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The National Portrait Gallery acknowledges the Traditional Custodians of Country throughout Australia and recognises the continuing connection to lands, waters and communities. We pay our respect to Aboriginal and Torres Strait Islander cultures and to Elders both past and present.

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Xavier Herbert (study)

c. 1977
Ray Crooke AM

oil on canvas on board (frame: 75.5 cm x 60.5 cm, support: 60.0 cm x 44.5 cm)

Xavier Herbert (1901 –1984), author, was born Alfred Jackson to a single mother in Geraldton, WA. Leaving school early, he worked in miscellaneous jobs in WA and Victoria before moving to Sydney in 1926. There he published his first stories under the name of Herbert Astor. From 1927 to 1930 he lived in Darwin. He drew on his experiences there while writing his first book, Capricornia, in London in 1930-1932. Herbert stated that the working title of the novel, which at first, dealt mainly with inter-racial sexual relations, was Black Velvet. Broadened in scope, and titled Capricornia, it was published in 1938 and won the Commonwealth Prize for the ‘best Australian novel published or accepted for publication in the year 1937. He settled in Cairns in 1946. Having written little in the 1940s and 1950s, and his autobiography Disturbing Element in 1963, he made his name with Poor Fellow My Country (1975), which won the Miles Franklin Award and still holds the record for the longest Australian novel.

Collection: National Portrait Gallery
Purchased 2012
© Ray Crooke/Copyright Agency, 2021

The National Portrait Gallery respects the artistic and intellectual property rights of others. Works of art from the collection are reproduced as per the Australian Copyright Act 1968 (Cth). The use of images of works from the collection may be restricted under the Act. Requests for a reproduction of a work of art can be made through a Reproduction request. For further information please contact NPG Copyright.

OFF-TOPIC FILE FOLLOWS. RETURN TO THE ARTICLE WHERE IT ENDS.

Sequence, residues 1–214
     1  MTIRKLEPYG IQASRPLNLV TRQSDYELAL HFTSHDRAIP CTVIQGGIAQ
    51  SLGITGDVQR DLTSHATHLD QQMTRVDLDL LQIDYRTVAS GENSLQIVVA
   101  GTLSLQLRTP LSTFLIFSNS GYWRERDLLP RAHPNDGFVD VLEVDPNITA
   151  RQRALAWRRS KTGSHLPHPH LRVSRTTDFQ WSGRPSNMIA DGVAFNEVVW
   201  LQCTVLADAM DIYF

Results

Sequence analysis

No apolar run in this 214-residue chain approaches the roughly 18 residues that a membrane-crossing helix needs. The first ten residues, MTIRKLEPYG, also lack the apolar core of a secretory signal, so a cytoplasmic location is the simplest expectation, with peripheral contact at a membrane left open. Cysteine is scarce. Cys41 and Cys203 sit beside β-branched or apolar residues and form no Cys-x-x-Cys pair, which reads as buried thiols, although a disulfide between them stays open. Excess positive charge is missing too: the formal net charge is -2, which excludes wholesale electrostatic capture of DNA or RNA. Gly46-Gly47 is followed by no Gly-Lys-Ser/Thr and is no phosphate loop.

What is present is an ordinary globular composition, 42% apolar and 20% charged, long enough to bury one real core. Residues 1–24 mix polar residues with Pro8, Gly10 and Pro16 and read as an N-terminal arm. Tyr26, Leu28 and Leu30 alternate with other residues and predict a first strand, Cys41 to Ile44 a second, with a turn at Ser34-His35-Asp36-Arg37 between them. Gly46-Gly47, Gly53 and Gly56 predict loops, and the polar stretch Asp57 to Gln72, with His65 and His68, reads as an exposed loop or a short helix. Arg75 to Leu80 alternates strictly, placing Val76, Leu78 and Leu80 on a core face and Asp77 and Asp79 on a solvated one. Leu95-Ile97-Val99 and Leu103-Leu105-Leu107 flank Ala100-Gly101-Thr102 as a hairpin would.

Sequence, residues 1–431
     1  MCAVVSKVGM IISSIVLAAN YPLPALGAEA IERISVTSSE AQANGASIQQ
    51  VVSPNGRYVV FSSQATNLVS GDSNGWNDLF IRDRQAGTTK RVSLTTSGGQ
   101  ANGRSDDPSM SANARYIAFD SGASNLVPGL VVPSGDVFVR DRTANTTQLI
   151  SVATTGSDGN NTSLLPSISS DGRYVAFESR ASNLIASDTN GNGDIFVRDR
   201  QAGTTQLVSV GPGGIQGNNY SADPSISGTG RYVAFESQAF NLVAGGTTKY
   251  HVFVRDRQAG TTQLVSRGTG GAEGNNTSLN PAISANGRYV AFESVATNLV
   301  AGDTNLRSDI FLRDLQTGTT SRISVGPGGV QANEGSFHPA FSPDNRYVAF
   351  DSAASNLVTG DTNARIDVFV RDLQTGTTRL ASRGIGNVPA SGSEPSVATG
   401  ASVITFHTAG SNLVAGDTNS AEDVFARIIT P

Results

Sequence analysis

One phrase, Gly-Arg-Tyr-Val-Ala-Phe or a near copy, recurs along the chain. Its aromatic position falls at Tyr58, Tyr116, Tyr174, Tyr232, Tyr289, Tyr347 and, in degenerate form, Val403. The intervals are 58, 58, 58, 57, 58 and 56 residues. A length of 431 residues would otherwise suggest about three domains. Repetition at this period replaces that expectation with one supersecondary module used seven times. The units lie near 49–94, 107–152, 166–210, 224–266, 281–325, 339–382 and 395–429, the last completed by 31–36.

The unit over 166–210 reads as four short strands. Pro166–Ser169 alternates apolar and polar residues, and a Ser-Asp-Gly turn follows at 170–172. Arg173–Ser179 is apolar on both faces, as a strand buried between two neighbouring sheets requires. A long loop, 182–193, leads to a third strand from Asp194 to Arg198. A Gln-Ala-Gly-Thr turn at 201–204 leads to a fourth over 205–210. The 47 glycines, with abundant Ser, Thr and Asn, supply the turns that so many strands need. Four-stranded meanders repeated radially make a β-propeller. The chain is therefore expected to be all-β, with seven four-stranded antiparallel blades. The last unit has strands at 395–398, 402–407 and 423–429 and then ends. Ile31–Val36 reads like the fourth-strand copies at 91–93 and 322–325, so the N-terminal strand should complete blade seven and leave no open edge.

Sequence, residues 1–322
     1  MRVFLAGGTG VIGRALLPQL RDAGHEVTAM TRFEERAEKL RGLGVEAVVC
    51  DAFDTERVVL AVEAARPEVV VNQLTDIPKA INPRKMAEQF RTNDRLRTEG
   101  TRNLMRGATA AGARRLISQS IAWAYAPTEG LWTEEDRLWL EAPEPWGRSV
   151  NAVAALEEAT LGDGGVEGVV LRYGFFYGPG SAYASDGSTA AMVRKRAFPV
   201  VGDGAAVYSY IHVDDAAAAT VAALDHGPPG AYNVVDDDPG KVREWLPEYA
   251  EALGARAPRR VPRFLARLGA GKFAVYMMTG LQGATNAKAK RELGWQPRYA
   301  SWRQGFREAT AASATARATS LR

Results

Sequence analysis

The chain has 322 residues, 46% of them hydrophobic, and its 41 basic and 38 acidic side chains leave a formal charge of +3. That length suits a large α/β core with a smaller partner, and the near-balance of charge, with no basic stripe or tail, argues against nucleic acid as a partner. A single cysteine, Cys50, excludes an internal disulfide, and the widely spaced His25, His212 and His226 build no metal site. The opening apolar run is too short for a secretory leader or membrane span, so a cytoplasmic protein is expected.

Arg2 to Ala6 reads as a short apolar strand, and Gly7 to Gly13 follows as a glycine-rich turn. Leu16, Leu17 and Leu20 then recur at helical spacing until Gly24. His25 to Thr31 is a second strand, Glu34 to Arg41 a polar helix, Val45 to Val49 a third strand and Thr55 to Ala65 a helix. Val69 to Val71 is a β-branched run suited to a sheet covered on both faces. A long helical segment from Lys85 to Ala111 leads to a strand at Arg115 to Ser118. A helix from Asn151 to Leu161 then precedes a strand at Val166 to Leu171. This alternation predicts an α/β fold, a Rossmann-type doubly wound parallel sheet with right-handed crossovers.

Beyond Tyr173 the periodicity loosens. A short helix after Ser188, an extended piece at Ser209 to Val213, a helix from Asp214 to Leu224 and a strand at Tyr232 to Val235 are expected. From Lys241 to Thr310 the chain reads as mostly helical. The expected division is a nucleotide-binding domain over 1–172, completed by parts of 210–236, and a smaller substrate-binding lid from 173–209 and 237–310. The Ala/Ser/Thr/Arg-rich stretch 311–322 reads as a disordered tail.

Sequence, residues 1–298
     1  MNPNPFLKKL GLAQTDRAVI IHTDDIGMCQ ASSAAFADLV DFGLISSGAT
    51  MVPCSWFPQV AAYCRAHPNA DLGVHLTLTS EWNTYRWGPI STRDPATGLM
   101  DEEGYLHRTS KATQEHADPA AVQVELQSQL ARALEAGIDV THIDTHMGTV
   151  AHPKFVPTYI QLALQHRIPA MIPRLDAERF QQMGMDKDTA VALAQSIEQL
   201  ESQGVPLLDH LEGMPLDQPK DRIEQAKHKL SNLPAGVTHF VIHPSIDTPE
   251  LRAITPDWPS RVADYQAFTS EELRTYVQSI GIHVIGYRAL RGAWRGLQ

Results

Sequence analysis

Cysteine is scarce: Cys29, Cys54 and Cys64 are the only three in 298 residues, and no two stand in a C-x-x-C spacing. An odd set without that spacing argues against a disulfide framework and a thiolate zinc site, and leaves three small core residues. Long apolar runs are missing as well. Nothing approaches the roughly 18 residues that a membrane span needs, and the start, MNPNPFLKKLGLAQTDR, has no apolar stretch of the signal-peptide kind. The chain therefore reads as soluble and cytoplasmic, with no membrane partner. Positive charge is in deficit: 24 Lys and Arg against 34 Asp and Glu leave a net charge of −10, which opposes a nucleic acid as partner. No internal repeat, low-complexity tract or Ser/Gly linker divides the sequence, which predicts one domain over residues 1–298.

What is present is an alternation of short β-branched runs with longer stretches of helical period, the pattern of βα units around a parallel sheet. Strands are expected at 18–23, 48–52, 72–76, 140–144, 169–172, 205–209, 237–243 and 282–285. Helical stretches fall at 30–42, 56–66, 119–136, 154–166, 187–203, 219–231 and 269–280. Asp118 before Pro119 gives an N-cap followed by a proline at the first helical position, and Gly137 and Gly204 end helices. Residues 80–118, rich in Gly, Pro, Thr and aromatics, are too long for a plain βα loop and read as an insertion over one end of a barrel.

Artist and subject

Ray Crooke AM (age 55 in 1977)

Xavier Herbert (age 76 in 1977)

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The National Portrait Gallery acknowledges the Traditional Custodians of Country throughout Australia and recognises the continuing connection to lands, waters and communities. We pay our respect to Aboriginal and Torres Strait Islander cultures and to Elders past and present. We respectfully advise that this site includes works by, images of, names of, voices of and references to deceased people.

This website comprises and contains copyrighted materials and works. Copyright in all materials and/or works comprising or contained within this website remains with the National Portrait Gallery and other copyright owners as specified.

The National Portrait Gallery respects the artistic and intellectual property rights of others. The use of images of works of art reproduced on this website and all other content may be restricted under the Australian Copyright Act 1968 (Cth). Requests for a reproduction of a work of art or other content can be made through a Reproduction request. For further information please contact NPG Copyright.

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